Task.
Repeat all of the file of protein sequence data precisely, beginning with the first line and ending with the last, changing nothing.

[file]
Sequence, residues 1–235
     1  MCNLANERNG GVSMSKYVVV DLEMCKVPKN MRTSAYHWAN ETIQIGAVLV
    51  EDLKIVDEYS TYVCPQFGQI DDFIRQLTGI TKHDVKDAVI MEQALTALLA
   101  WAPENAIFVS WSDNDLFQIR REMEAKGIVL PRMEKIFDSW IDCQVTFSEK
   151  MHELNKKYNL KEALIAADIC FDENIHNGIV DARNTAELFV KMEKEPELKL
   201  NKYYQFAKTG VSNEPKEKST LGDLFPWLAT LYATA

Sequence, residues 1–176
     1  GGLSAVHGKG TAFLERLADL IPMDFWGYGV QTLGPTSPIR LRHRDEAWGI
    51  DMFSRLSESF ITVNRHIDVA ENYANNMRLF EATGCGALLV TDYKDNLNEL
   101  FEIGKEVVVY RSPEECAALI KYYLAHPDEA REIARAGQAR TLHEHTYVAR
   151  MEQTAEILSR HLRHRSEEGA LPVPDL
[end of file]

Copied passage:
Sequence, residues 1–235
     1  MCNLANERNG GVSMSKYVVV DLEMCKVPKN MRTSAYHWAN ETIQIGAVLV
    51  EDLKIVDEYS TYVCPQFGQI DDFIRQLTGI TKHDVKDAVI MEQALTALLA
   101  WAPENAIFVS WSDNDLFQIR REMEAKGIVL PRMEKIFDSW IDCQVTFSEK
   151  MHELNKKYNL KEALIAADIC FDENIHNGIV DARNTAELFV KMEKEPELKL
   201  NKYYQFAKTG VSNEPKEKST LGDLFPWLAT LYATA

Sequence, residues 1–176
     1  GGLSAVHGKG TAFLERLADL IPMDFWGYGV QTLGPTSPIR LRHRDEAWGI
    51  DMFSRLSESF ITVNRHIDVA ENYANNMRLF EATGCGALLV TDYKDNLNEL
   101  FEIGKEVVVY RSPEECAALI KYYLAHPDEA REIARAGQAR TLHEHTYVAR
   151  MEQTAEILSR HLRHRSEEGA LPVPDL